Crowdfunder, the Venice-based crowdfunding platform which helps to connect entrepreneurs and investors, particularly in the area of local investment, has raised an additional million in seed funding, the company is announcing today. The funds will help the company further expand its activities outside the U.S., as well as continue development of its subscription-based fundraising and marketing platform for entrepreneurs.
Participating in the round were 500 Startups / 500 Mexico, Rob Nail (CEO of Singularity University), K5 Ventures, Ben Goldhirsh (CEO of GOOD), Sharon Chang (CEO of Yoxi), a Banamex Director (a small business bank in Mexico), and other U.S. and Latin American individual investors.
The company says this brings its total raise to date to just under $2 million.
Founded in 2011, and launched the following spring, Crowdfunder’s initial focus was on making connections between startups, small businesses, and other for-profit enterprises through local events. While still an ongoing focus today, changes to the regulatory environment around six months allowed the platform to open up more broadly to accredited investors.
Specifically, the SEC issued “No-Action” letters, plus Crowdfunder benefitted from Title 2 of the JOBS Act, which allows companies to now publicly solicit funding.
Since then, Crowdfunder has funded 13 deals in the seed and Series A stage, with an average deal size of about $1.2 million. The majority of those are tech startups, but others are social enterprises and small businesses. To date, $55 million in investment deal flow has come through Crowdfunder, the company says.
Today, Crowdfunder has seen 40,000 entrepreneurs and investors on its platform, which includes 7,000 companies who have signed up, some of which have converted to paying accounts. A smaller portion of these accounts are active at present, as the companies generally pay the premium during their active fundraising process. Instead of taking a percentage of the funds raised, Crowdfunder instead charges companies a flat fee based on how much they’re raising, and other factors, like whether or not they want a featured position on the site.
Its packages start at $99/month and go up to $999/month, the latter which is more typically used by those funding their Series A. Thanks to the new investment, the plan is now introduce an additional tier to this service which will better centralize the fundraising process for entrepreneurs into more of a CRM system, by allowing them to tap into their social networks, and pull in their Gmail contacts to help figure out who you know who’s also an accredited investor.
Like competitor AngelList offers via its Syndicates, Crowdfunder also offers a way for individuals to invest smaller amounts into larger entities which then, in turn, invest in a given company or companies. On Crowdfunder, these are called “Microfunds,” and there are today just a small handful of these operating, but according to CEO Chance Barnett another 40 are in evaluation.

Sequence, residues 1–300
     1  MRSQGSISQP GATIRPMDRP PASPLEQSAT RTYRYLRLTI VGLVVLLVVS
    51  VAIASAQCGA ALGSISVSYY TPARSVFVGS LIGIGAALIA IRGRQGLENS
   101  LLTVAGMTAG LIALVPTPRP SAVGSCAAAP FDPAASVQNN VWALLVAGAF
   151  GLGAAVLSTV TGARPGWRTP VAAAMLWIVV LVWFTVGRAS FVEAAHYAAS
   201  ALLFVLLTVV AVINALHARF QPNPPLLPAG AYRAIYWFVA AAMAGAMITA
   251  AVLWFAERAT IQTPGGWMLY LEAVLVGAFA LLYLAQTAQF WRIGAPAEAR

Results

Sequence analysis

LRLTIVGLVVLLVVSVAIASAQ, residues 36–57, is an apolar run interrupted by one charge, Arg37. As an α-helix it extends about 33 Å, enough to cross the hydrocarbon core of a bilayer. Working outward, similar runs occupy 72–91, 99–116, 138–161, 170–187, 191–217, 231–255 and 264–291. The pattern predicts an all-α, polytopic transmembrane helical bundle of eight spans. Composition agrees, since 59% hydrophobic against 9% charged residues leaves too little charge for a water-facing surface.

Crowfunder’s round comes at a time when the online fundraising process is going through radical shifts, thanks to new regulations. Others like FundersClub and WeFunder, have benefitted as well, while consumer-facing platforms like Kickstarter, Crowdtilt and Indiegogo have brought more attention to the crowdfunding industry as a whole. (The latter two, of course, having recently raised significant rounds of their own). And of course, when it comes to tech startups in particular, AngelList is becoming the platform to beat, it seems.
Barnett explains where he sees Crowdfunder fitting into this larger arena, saying, “we found a sweet spot between the $300,000 and $2.5 million range. Quite a few people have already been on AngelList who were able to come to Crowdfunder and accelerate and get traction.” The reason, in part, is because of Crowdfunder’s network of more local investors.
The company supports independently run local events – like a “pitch contest in a box” – which take place on Crowdfunder. And it co-leads larger events under the CROWDFUNDx brand. For example, CROWDFUNDxWomen or CROWDIMPACT. Last year, it ran 7 events like this, each which saw an average of 2,500 online participants join.
This ability to tie into the local scene has enabled the company’s move into Mexico more recently, where it has actually received grant funding from the government. “There’s been an even stronger need for an online network to help fund those,” says Barnett of the deals taking place in Mexico. “On both sides of the marketplace, there’s been really rapid adoption that’s probably a lot faster than what we’ve seen in L.A. because there’s no one doing this in the same way there,” he explains.
Going forward, the plan is to now expand Crowdfunder further, heading into Latin America. Barnett says partners have applied from over 14 countries, and Crowdfunder will expand into three or four over the next several quarters.
The company, which has a team of 12 in the U.S. and 4 in Mexico, is also planning to double in size over the next 6 months, he adds. And when Title 3 of the JOBS Act goes live – the one which would allow anyone to invest – Barnett says his platform will be ready.
Correction: 7,000 companies have signed up for profiles. Not all converted to paying accounts as an earlier mistyped portion of this article implied. The article has been updated for accuracy.